Bohemian Rhapsody

Bohemian

The musical performances in Bohemian Rhapsody are brilliant. Exciting. Thrilling. The biopic that surrounds the music is okay but not as special as trailers might have suggested.

Freddie Mercury’s (Rami Malek) story follows that familiar showbiz path: obscurity, success, excess, debauchery, downfall and, finally, redemption. Whether it’s vital that an actor resemble the real-life person he/she is portraying can be debated, but Malek does look like Mercury, especially with the moustache.

But his prosthetic teeth eventually become distracting, almost like the ones Mike Myers wore in the Austin Powers movies.

Speaking of Myers, he plays a record exec who snubs the song Bohemian Rhapsody because of its length. Interestingly, the song is not performed in its entirety in the movie. Too long, maybe? (Snippets are heard.) The depiction of the recording of the song is one of the film’s highlights.

Myers’ casting appears to be payback for his giving the song new life in the 90s by using it in Wayne’s World.

I like Queen. I played their music on radio. I appreciated that they delivered a variety of sounds and styles in their tunes. The song Bohemian Rhapsody stands tall among the mostly tired and overplayed music genre known as “classic rock.”

Hardcore Queen fans will find much to like here. Boomers and Gen-Xers who thrived on Queen’s music will enjoy the nostalgia and may pick up unknown or unremembered tidbits about the band’s time in the sun. Millenials and Gen-Zers who adore Malek in Mr. Robot will want to check him out in this role.

With all those constituencies already titillated by the preview trailers, Bohemian Rhapsody should be a gorilla at the box office. Enjoy the music!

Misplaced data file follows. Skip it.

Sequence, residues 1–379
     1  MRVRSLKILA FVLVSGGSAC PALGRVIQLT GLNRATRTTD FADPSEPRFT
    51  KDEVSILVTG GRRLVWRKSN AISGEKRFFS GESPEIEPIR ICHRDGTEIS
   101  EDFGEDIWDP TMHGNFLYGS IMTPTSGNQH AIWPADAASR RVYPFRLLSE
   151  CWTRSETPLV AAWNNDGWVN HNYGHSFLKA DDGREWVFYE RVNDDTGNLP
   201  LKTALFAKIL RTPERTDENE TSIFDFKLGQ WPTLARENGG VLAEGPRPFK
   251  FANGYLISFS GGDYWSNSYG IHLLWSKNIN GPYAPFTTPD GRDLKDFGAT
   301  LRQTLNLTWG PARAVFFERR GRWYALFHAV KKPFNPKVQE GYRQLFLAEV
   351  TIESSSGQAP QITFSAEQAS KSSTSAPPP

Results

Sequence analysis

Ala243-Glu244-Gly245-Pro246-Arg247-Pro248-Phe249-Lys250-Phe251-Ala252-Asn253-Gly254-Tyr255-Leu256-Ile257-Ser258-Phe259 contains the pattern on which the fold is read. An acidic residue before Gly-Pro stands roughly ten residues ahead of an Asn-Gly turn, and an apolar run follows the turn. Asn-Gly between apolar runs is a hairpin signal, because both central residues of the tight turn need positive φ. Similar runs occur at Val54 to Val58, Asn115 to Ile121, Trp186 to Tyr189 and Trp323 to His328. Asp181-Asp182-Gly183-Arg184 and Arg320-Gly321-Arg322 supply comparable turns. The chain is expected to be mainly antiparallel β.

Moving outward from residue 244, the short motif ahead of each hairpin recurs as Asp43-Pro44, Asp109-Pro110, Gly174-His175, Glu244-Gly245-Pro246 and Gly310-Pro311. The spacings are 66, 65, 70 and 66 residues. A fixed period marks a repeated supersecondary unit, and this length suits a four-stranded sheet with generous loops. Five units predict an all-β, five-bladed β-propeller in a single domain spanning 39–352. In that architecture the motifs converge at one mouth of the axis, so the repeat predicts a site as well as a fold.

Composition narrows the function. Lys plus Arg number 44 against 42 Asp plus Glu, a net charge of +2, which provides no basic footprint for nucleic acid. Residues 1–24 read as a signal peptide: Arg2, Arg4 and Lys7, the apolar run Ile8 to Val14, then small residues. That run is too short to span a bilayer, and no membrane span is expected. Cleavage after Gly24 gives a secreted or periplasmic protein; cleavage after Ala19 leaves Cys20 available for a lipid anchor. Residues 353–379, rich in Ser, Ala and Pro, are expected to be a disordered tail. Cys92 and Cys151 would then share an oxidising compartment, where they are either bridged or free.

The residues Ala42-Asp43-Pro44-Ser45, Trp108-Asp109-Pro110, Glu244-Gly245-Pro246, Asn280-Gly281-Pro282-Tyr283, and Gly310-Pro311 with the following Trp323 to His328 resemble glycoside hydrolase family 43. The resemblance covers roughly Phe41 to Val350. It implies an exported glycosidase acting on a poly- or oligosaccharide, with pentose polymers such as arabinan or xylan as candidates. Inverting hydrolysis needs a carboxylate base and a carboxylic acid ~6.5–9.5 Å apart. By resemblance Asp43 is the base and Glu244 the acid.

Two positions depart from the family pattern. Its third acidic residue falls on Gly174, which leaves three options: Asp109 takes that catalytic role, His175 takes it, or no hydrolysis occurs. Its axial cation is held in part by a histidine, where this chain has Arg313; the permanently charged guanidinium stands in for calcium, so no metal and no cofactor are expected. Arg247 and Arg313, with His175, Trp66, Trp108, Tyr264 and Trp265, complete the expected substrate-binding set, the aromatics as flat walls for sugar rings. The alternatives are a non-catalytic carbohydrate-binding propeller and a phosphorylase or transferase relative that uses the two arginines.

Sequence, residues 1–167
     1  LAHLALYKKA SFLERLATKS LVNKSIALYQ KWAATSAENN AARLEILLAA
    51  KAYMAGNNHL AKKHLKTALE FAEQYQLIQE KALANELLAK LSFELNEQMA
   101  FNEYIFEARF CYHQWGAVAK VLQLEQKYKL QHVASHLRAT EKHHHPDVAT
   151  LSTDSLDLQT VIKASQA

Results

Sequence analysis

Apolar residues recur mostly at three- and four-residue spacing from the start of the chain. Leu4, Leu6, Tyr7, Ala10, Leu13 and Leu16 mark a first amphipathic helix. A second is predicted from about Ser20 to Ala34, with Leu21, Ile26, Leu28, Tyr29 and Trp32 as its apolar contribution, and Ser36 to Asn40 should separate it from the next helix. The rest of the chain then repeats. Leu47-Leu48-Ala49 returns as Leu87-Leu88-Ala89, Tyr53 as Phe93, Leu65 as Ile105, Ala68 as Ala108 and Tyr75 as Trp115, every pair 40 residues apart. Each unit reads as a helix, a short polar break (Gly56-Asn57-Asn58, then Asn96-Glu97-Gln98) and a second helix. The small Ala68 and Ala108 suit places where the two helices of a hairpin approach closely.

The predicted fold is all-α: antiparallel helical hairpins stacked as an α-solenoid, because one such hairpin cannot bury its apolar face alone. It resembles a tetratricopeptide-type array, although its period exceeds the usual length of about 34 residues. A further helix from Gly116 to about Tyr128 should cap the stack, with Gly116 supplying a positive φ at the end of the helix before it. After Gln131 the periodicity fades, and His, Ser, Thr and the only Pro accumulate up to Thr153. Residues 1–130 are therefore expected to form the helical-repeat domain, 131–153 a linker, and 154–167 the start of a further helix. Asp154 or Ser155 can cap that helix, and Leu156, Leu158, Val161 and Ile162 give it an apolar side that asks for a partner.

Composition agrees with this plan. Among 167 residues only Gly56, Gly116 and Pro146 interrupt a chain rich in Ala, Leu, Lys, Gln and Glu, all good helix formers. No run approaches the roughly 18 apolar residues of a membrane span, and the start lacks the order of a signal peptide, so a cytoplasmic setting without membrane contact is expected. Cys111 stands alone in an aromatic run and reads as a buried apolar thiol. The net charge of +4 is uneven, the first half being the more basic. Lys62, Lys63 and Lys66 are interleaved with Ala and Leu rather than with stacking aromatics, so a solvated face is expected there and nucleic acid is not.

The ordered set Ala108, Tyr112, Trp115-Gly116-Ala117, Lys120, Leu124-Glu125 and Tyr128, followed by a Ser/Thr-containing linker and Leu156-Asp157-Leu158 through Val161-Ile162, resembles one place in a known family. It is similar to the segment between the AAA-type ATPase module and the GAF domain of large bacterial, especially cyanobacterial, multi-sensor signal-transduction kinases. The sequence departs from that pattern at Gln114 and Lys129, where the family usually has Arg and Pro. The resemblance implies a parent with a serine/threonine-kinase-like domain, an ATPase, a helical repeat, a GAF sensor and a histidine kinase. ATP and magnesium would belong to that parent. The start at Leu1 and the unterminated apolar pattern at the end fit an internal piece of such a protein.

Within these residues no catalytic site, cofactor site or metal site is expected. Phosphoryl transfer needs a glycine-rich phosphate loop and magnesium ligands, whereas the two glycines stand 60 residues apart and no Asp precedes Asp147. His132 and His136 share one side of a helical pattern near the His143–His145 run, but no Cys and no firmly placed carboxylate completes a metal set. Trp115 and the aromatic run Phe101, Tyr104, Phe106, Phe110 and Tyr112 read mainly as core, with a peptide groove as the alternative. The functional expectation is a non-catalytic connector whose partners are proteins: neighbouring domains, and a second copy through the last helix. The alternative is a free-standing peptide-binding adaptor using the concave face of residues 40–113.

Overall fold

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Can You Ever Forgive Me?

canyoueverforgiveme

Lee Isreal (Melissa McCarthy) is not an easy person to like. She lacks the social graces. She drinks to excess. She is a bit of a slob.

She does have writing talent. She’s a published author. When her career hits the skids, she turns to another kind of writing.

One might be prone to feel sorry for her. However, as her agent (Jane Curtin) and her ex-partner (Anna Deavere Smith) point out, her off-putting behavior is of her own doing. Isreal even admits she like cats more than she likes people.

Isreal’s scheme is to produce notes and letters she claims were written by now deceased literary figures. “Can you ever forgive me?” is the tagline on a note she crafts and presents as having come from Dorothy Parker. She sells these letters to bookstores who sell them to collectors.

[Sidebar: I went to my first baseball card show in Willow Grove PA in 1981 and saw autographed photos of big league ballplayers for sale. I noticed the signatures all looked alike. In 1998, Mark McGwire went into card shops around the US and found items alleged to have been autographed by him. He said they were not authentic. Two conclusions, which Isreal also reached: People are suckers and there is a lot of fake stuff out there.]

Isreal buys vintage typewriters and consults old printed matter to crib material for these letters. But she and her drinking buddy Jack (Richard Grant) make a couple of errors that lead to her getting caught by the feds for her fraudulent practice.

Can You Ever Forgive Me? features a different Melissa McCarthy. She’s not completely unfunny. Her character has a nasty sense of humor. But the energetic, vibrant, fearless McCarthy from her comedy roles is dialed way, way down. Her look is muted, plain. And her character is, as mentioned, a sad sack of a human. Is this a role that can net McCarthy an awards nomination? Stay tuned.

There’s a flash of the more familiar Melissa McCarthy when Isreal makes a statement to the judge during a court proceeding.

Can You Ever Forgive Me? is not a crowd-pleaser type of film. But for all who have appreciated Melissa McCarthy’s comedic work in movies and TV, this movie reveals that she definitely can handle a wider range of roles.